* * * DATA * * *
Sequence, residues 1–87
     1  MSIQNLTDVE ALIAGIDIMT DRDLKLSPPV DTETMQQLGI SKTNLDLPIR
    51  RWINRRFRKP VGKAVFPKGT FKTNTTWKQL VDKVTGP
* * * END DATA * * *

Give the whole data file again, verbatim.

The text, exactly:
Sequence, residues 1–87
     1  MSIQNLTDVE ALIAGIDIMT DRDLKLSPPV DTETMQQLGI SKTNLDLPIR
    51  RWINRRFRKP VGKAVFPKGT FKTNTTWKQL VDKVTGP